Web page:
In­side the new MPs’ first week


I also re­alise, as did the philoso­pher Tay­lor Swift, that haters gonna hate. Putting it an­other way, Hansard won’t be let­ting me re­write ver­bal mis­steps.


Ar­rived at Par­lia­ment to­day as one of the new­bie MPs, un­sure what at­mos­phere to ex­pect on a scale from House of Cards to Hog­warts.

De­cid­edly it was at the lat­ter end, with fel­low Na­tional can­di­dates greet­ing each other like Harry Pot­ter’s chums af­ter a par­tic­u­larly mag­i­cal school hol­i­day.

Not the best metaphor for a gru­elling cam­paign but you can imag­ine the scene.

Met var­i­ous mem­bers of the Par­lia­men­tary Ser­vices team, who be­gan to teach us about the nitty-gritty of our na­tion’s democ­racy in ac­tion. (Yes, I re­alise “in ac­tion” sounds dan­ger­ously like “in­ac­tion”.)

But I also re­alise, as did the philoso­pher Tay­lor Swift, that haters gonna hate.

Putting it an­other way, Hansard won’t be let­ting me re­write ver­bal mis­steps, so I might as well get used to it.

Ended the day re­flect­ing on the strange­ness of rep­re­sent­ing an elec­torate — the mighty Helensville, in my case — by leav­ing it ev­ery other week in favour of Welling­ton.

Still, walk­ing in the ac­tual cor­ri­dors of power seems like the right thing to do.

Or the cen­tre-right thing to do, again in my case.

Par­lia­ment as an in­sti­tu­tion has a well-struc­tured and dis­ci­plined vibe, hi­er­ar­chi­cal even, and in that sense it is a lit­tle rem­i­nis­cent of my time as naval of­fi­cer in a past life.

In sum­mary, it felt like a huge day to­day but — spoiler alert — to­mor­row will likely be even huger.


The promised huge­ness of to­day ar­rives in the form of my first cau­cus meet­ing.

It’s prob­a­bly not that smart of me to talk it up — even here in my per­sonal di­ary, which will never be read un­less Raw­shark can hack a note­book (a note­book note­book, not a com­puter note­book) — given the pro­ceed­ings of all such meet­ings are con­fi­den­tial.

Enough said, quite lit­er­ally. To­day I met al­most all the new MPs of the other par­ties as well.

En­joyed our in­ter­ac­tion, which was in turn highly for­mal (a mihi) then some­what in­for­mal (at a sub­se­quent re­cep­tion).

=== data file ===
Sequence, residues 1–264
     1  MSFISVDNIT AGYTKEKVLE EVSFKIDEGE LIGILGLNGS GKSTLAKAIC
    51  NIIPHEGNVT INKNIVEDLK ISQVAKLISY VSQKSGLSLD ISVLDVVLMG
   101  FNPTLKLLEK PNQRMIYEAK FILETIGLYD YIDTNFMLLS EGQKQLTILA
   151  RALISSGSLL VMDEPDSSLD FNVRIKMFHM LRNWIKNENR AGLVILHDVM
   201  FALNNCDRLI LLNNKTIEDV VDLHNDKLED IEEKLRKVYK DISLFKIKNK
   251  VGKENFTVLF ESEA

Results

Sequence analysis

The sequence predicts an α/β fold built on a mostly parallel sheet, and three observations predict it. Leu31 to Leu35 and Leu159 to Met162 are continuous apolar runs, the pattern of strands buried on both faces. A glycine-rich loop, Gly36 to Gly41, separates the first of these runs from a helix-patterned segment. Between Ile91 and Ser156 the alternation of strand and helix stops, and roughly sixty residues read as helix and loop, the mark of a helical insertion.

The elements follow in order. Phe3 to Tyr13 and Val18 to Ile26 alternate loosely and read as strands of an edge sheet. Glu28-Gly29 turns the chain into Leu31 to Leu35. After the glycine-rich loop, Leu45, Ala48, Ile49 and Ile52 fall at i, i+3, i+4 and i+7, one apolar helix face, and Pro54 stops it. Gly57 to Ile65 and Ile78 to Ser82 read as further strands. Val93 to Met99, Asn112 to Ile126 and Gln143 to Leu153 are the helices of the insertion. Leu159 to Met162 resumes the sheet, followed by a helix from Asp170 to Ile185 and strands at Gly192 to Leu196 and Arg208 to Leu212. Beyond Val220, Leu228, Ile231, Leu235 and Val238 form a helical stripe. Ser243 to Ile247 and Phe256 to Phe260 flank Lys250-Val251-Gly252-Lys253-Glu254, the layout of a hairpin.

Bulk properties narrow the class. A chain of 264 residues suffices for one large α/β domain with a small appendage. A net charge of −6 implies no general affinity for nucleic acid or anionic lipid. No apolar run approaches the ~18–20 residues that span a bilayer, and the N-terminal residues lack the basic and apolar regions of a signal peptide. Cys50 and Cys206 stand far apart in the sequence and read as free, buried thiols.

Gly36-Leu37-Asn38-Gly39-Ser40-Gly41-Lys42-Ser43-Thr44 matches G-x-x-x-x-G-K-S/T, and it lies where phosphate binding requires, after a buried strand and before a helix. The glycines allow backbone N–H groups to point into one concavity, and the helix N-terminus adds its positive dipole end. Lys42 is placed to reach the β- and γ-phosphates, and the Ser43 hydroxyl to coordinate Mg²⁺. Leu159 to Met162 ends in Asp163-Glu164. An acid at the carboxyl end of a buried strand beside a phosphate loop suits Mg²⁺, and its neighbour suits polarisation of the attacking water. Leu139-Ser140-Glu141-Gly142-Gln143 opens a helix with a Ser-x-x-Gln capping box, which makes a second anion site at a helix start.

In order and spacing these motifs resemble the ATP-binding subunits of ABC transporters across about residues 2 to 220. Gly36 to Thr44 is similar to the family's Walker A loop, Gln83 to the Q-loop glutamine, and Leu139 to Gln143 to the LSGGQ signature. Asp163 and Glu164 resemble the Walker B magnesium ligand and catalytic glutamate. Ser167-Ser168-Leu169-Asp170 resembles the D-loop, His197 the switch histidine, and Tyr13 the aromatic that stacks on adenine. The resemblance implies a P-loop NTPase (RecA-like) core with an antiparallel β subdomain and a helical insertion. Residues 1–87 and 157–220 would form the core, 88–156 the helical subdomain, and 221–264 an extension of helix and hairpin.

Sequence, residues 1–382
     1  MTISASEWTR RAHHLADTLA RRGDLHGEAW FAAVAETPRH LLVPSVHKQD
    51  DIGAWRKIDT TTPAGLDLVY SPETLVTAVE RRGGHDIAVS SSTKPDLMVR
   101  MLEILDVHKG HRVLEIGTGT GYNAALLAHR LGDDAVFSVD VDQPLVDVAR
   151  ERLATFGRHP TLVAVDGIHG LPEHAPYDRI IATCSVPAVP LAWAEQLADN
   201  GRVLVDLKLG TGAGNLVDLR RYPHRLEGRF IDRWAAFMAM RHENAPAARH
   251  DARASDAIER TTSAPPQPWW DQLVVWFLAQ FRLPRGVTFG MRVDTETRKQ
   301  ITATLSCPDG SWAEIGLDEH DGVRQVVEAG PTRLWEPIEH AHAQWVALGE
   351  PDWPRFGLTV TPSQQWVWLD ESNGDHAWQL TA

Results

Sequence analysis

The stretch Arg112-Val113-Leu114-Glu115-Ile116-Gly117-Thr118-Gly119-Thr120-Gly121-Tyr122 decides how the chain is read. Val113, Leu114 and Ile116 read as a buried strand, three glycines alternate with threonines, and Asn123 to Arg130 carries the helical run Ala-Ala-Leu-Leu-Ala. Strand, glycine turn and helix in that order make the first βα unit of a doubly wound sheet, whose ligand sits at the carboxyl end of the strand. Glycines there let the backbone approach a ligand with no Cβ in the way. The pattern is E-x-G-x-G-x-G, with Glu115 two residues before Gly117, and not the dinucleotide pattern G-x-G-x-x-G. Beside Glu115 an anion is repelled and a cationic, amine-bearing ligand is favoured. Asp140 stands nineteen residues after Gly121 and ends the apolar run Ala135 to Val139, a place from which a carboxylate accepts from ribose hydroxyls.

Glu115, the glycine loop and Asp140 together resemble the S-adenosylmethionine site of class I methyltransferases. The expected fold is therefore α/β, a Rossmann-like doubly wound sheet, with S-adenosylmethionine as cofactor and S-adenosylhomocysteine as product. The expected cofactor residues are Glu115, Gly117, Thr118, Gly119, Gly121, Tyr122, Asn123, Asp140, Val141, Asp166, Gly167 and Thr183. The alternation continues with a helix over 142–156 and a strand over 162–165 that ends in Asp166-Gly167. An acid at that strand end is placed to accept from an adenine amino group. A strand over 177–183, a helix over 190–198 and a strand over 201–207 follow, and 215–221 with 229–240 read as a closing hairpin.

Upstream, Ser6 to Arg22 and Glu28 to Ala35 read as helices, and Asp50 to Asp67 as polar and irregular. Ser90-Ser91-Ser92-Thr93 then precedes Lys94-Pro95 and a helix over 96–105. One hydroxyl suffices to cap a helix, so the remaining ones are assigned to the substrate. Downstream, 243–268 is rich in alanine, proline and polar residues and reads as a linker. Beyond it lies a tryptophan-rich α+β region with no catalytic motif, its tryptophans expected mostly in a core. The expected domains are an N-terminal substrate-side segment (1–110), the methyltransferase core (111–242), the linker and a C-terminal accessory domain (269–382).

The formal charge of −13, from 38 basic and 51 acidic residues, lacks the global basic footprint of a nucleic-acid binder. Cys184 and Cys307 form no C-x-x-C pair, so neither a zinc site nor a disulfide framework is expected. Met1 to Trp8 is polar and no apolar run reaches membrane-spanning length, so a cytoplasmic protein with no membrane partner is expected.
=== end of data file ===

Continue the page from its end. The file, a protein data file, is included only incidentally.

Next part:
Each new­bie ad­dressed the group briefly, con­fi­dently and con­cisely. The dis­ci­pline of count­less re­cent cam­paign de­bates and pan­els still shapes us.

Some room was still found for cross-party ban­ter even so, en­sur­ing the pleas­antries were to be en­joyed much more than en­dured.

I missed a trick in fail­ing to use the phrase “Mr Speaker” even once, de­spite his prom­i­nent role in the af­ter­noon’s pro­ceed­ings.

Ah, well, there’ll be other chances.


Missed some of class to­day but with good rea­son, namely a 5-day­old child at home with wife.

Also a valu­able chance to achieve some mi­nor wins at elec­torate level as well, work­ing from home in Auck­land’s north­west.

As I sus­pect will al­ways be the case, the day’s agenda com­prised of a mix of items on which I can be proac­tive and oth­ers to which I’m very much re­ac­tive.

Com­mu­ni­cat­ing well with the elec­torate is an early pri­or­ity for this fresh-faced, ea­ger beaver, keen bean, lo­cal MP, which is the proac­tive bit.


Out in var­i­ous Auck­land elec­torate of­fices to­day, a chance to see how good MPs — and their staff, just as im­por­tantly — pro­vide great rep­re­sen­ta­tion to all who walk through the doors.

I re­flect on cer­tain sim­i­lar­i­ties be­tween that as­pect of the lo­cal MP’s role and my re­cent work­ing life as a lawyer.

Skills in anal­y­sis and ad­vo­cacy seem highly rel­e­vant so I’m hop­ing they prove use­ful.

Other skills learned in my past pro­fes­sional life (for ex­am­ple, sub­ma­rine nav­i­ga­tion dur­ing my time in the Royal Aus­tralian Navy) may prove less trans­fer­able.

Watch this space.

Her­ald on Sun­day mon­tage

Nick Reed

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